Who hasn’t found themselves in this situation: You’re watching your old TV and suddenly the picture goes fuzzy, or you accidently drop you laptop computer and it does nothing but hiss at you. You can’t live without either so you jet down to Best Buy in the hopes they have a sale going on and some financing you can qualify for.
You’re in luck. Best Buy always has pretty good prices, and they also have a credit card you can apply for. And, if your credit isn’t the best, it’s OK because they approve just about anybody. So far, so good. Or, maybe not. While the Best Buy credit card is fairly easy to get, and can save you in a pinch when you just don’t have the cash to replace your broken TV, it would be important to read the fine print so you at least know what you’re getting into.
Best Buy Credit Card Basics
The Best Buy credit card is issued through Best Buy by HSBC Bank Nevada, N.A. and can only be used for purchases within the store. Although there is no annual fee, the card carries a pretty high APR of 25 to 28 percent.
Usually, the card comes with a special financing offer of 0 percent interest for a period of time, typically 6 to 18 months IF THE FULL BALANCE IS PAID BEFORE THE END OF THE PERIOD. It reads in big print here, because many people miss this important condition in the fine print. More on this later.
It is offered in conjunction with the store’s RewardZone program which awards 2 points per dollar spent. If you use the card with any special finance offer, it’s reduced to 1 point per dollar. It takes 250 rewards points to earn a $5 cash certificate that can be used towards purchases.
On the surface, the Best Buy Credit Card appears to be a somewhat standard retail card that, while it may not offer the best terms around, could be good card to get in and out of the store with a new TV, especially if you have trouble qualifying for credit. But even then, it really pays to read and study the fine print of this card so you don’t wind up paying more for your TV than you bargained for. Here are some of the key provisions to study:
You may not get the card you want: Right in the fine print it says that, if you can’t qualify for the Best Buy Credit Card, you will be automatically issued an alternative card – the MasterCard Gold Card with a fee. With a fee of $39 to $59 that can be pretty expensive especially if you’re issued a low credit limit. The APR is similarly high at 23 percent.
You get a uselessly low credit limit: While it doesn’t say anything about a maximum credit limit, the fine print hints at the probably of a low credit limit by mentioning the “minimum credit limit of $300” several times. And, in fact, that’s what many people wind up getting. If you haven’t checked lately, it’s very difficult to buy a TV or a laptop for $300. And, if you get stuck with the MasterCard Gold card, your credit limit could be reduced another $59 to cover the annual fee.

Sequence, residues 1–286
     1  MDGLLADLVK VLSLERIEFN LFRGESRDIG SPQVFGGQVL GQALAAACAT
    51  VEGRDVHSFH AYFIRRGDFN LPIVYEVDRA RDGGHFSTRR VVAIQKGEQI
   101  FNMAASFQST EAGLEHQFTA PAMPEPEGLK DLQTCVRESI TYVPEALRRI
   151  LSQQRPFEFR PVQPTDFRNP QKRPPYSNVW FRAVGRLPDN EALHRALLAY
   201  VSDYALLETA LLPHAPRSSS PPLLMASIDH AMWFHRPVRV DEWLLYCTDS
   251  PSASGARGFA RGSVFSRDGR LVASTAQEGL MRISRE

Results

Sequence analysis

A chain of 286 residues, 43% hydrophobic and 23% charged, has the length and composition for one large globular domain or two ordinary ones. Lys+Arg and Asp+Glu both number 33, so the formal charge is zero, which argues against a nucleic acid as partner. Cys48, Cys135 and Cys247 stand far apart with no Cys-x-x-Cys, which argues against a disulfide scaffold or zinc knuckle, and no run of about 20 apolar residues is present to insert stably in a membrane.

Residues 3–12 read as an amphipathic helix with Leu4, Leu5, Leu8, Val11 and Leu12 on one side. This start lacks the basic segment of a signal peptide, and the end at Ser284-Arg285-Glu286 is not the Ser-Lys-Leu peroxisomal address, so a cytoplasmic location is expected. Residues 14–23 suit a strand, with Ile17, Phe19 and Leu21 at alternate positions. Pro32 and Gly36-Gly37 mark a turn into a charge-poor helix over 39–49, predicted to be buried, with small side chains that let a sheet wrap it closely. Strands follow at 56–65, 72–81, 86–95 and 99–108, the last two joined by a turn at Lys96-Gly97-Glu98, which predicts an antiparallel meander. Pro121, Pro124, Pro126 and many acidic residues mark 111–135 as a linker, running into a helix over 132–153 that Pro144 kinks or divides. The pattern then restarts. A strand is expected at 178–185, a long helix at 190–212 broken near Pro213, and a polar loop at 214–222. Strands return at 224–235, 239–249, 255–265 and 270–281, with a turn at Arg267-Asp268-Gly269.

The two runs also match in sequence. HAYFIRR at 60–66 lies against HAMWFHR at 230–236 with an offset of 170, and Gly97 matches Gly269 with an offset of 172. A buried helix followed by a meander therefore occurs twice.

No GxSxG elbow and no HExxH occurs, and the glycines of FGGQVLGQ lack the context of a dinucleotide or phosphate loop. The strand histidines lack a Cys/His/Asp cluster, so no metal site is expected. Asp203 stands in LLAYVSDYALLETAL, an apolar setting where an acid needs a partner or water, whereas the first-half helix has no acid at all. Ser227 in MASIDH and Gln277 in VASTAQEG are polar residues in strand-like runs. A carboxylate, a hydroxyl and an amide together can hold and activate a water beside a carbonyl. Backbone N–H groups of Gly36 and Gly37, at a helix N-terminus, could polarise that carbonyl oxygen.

When 0% isn’t 0%: Interest free introductory periods are always very enticing, especially when they stretch out to a year or more. With standard credit cards, most people know that they can take advantage of the 0% interest rate by saving money or paying the balance down faster. And, they readily accept the fact that, at the end of the period, their interest rate will go up. So be it. But, with the Best Buy Credit Card, not only does your interest rate sky rocket, it is then charged on the full purchase price plus the interest that would have accumulated during the introductory period.
Ouch! It is in the fine print, and the sales clerks may even make mention of it as you are signing the application. But most people believe that they will be able to pay off the balance in time, or at least they intend to. In reality, many people lose track of their payments and the diminishing introductory period and find themselves making a hefty payment to cover retroactive interest payments. Ouch!
Like all retail cards, the Best Buy Credit Card doesn’t offer the best of terms, and, if you’re not real careful reading the fine print, it could cost you more than you would have thought to replace that TV. And its weak rewards program doesn’t offer enough incentive for the added expense.
Of course, if you know with 100% certainty that you are going to be able to pay the balance in full, and do so, then the best you can take away is the free use of their money for a period of time and some rewards points that can pay for your next version of Call of Duty. But do proceed with caution.
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